Mr. Webster acknowledged the
presence in the audience of the two rural Councillors, Glen
Brooks and Doug Thompson, who had both provided busses so that
Osgoode, Rideau and Goulbourn residents could attend. He thanked
them. He also noted that the Goulbourn Councillor was asked if
she would be kind enough to provide a bus --as she has with
other groups in the past--- but that request resulted in a flat
Bruce added that, in fact, Goulbourn, for that matter, does not
have ANY rural representation. If anything, the opposite is
true, "The Councillor has had a history of sabotaging rural
interests at every turn."
He added, "Two classic examples
of how Councillor Stavinga has worked against the public
1.) She fought the Village of Richmond all the
way, by siding with the Mayor and a pipeline contractor/campaign
supporter who pushed for a pressurized sewer line to go through
the very middle of Richmond's shallow-well drinking water
source. This violates every precept of 'source water
protection', presenting a flagrant case of public
endangerment and representing a serious breach of
the public trust."
Richmond resident, Bruce Webster has worked with the Richmond
Community Association, attempting to protect Richmond's drinking
water supply from future, city-caused contamination. "The city
is guilty of public endangerment and is in breach of
public trust," he states.
"The risky forcemain was not
even built for the sake of saving money. What could have been
done safely with an on-site treatment plant at Munster, for
under $4 million, got illegally switched to the forcemain,
at a Capital Cost in 2004, alone, of over $23 million.
(There is still an additional $5.5 million in work
remaining to complete the forcemain!) As one other Councillor
has stated, 'Something really smells here, and it's not
just the sewage'."
2.) "As reported by
earlier speaker, Tony Walker of the Goulbourn Landowners Group,
some fifty-or-so land owners are being treated very badly by the
City of Ottawa, and Councillor Stavinga is actually working in a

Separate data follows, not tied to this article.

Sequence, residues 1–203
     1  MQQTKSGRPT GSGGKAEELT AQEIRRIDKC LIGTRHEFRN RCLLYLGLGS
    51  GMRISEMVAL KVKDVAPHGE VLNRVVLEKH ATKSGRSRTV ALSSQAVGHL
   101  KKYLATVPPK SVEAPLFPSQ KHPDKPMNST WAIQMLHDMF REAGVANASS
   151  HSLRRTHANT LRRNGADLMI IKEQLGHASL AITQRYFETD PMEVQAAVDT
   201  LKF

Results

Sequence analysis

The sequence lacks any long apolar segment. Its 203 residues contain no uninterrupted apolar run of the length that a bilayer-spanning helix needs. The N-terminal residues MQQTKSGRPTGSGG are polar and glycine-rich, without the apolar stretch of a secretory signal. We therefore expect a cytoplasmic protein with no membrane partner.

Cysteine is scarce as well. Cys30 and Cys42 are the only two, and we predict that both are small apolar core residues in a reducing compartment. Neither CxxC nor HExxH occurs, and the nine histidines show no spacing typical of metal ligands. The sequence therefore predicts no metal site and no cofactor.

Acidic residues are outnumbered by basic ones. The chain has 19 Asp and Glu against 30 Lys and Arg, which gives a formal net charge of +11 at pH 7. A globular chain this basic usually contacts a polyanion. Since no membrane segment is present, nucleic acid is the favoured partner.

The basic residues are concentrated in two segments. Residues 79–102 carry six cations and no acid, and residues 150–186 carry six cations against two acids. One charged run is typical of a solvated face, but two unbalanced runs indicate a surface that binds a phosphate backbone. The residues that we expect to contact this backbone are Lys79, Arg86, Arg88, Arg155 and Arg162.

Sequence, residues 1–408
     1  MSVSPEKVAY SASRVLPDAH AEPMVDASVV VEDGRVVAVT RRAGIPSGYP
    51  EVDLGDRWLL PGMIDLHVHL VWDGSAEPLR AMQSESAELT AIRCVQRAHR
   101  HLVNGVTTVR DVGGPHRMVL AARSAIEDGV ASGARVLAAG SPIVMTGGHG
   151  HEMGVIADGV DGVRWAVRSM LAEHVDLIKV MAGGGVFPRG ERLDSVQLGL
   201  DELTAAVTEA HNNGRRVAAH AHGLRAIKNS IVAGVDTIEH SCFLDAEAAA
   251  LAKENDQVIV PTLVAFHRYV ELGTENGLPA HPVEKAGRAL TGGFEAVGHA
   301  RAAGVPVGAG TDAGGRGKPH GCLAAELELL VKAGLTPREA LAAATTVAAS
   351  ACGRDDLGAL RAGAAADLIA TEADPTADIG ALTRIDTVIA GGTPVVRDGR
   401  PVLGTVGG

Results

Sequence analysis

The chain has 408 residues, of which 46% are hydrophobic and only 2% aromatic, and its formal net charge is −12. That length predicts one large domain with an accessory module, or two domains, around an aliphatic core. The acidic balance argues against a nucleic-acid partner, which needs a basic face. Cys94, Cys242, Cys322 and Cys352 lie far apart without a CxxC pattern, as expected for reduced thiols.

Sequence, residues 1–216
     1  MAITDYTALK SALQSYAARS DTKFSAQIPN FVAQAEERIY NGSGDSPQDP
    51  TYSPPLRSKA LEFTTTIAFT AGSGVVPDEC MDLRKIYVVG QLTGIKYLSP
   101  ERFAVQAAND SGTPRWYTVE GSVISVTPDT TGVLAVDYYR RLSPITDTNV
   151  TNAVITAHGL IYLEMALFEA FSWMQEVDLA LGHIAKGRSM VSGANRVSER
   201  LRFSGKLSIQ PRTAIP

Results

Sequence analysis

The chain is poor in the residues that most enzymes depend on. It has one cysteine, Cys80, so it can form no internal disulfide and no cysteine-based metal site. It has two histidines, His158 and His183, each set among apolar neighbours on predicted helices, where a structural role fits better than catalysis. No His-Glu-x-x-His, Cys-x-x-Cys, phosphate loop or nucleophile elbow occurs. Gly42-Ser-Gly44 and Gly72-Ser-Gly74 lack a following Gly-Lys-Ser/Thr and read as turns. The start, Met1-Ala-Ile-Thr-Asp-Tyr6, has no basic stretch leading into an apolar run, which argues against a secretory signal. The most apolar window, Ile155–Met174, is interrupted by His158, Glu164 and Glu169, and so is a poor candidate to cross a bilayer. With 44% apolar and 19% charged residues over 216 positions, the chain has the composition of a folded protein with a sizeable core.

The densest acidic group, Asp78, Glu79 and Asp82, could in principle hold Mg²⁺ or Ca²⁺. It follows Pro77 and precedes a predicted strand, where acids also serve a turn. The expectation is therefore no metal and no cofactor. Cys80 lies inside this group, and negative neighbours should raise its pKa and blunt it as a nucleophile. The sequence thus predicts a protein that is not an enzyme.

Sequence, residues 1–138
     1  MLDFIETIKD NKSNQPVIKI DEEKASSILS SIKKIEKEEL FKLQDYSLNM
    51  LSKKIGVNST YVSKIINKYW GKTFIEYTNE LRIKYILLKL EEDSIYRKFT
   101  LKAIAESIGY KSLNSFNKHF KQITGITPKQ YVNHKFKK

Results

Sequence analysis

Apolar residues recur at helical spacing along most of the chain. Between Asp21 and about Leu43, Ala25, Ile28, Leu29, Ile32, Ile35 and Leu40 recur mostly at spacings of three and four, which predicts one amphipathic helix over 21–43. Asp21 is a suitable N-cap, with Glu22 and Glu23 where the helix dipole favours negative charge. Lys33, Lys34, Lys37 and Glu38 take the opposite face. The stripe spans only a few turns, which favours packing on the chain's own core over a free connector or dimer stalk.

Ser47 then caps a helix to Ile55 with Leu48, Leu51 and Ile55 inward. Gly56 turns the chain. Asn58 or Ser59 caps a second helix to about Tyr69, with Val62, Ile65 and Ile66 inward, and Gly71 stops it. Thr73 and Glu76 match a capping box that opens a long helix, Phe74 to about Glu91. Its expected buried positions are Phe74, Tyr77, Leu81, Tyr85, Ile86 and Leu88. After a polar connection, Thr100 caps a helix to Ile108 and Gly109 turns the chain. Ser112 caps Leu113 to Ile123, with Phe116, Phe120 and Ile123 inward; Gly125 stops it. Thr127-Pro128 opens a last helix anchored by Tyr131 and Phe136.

conflict situation against the interests of her ratepayers.
The city has invited the Rideau
Valley Conservation Authority (RVCA) and the Ministry of Natural
Resources (MNR) to create new wetlands on private property
(where there was not wetlands before). While Councillor Stavinga
is the Councillor of Goulbourn, who is paid by the city to
represent her ratepayers ---she, instead--- sits as Vice-Chair
on the RVCA, appearing to be working solely for its interests,
and sabotaging the ratepayers' interests at every turn.
Meanwhile, she has not responded to almost all of the pleas for
her assistance in the two months since this has been public. She
secretly worked against the ratepayers' interests for more than
two years, without disclosing to them what she was up to."
"So, if you ask me if we need MORE
councillors at City Hall, I would say NOT like Goulbourn's:
We need BETTER
We need better
"When you experience, from the
rural perspective, such consistently wasteful and
counter-productive activities by City Council, in the context of
our rapidly diminishing "effective representation," it is
patently clear why there is a 90% level of rural dissatisfaction
survey results), and why Amalgamation is perceived to be
an abysmal failure."
LeBlanc, NDP Candidate for Carleton-Mississippi Mills
thanked the Rural Council of Ottawa Carleton "for putting on this
We're here today
because of what NDP Agricultural critic Charlie Angus has coined a
"political walk away" from rural Canada. In the May 2nd edition of
The Hill Times, Charlie writes that: 'For the last
dozen or so years, farmers have been left on their own to compete
and to cope in the face of increasingly growing international and
domestic obstacles. Farmers have adapted. They've grown more
efficient, and have
moved towards increasing economies of scale. But the fact is,
they've hit the wall and there just doesn't seem to be any
political inclination on the part of the ruling Liberals to find
a new way forward.'
I think Charlie
is being optimistic: the political walk-away is more like a run,
that's brought our farmers out of the fields and off the land to
stand up and make their voices heard.
by Bruce Collier
LeBlanc, NDP Candidate for Carleton-Mississippi Mills, and
resident of West Carleton, points out that the democratic deficit
facing rurals across Canada, is made all the worse in